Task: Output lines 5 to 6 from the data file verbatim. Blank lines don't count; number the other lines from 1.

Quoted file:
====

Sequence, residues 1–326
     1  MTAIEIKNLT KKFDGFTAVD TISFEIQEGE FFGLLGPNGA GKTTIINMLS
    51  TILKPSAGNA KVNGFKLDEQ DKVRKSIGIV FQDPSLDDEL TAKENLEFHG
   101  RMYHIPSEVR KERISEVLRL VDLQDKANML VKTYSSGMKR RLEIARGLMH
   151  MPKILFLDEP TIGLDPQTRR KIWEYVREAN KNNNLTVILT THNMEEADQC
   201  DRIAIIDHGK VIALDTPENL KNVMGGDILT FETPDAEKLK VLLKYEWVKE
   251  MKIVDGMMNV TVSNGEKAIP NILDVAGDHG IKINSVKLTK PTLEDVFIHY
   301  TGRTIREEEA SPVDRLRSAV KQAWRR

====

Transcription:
   151  MPKILFLDEP TIGLDPQTRR KIWEYVREAN KNNNLTVILT THNMEEADQC
   201  DRIAIIDHGK VIALDTPENL KNVMGGDILT FETPDAEKLK VLLKYEWVKE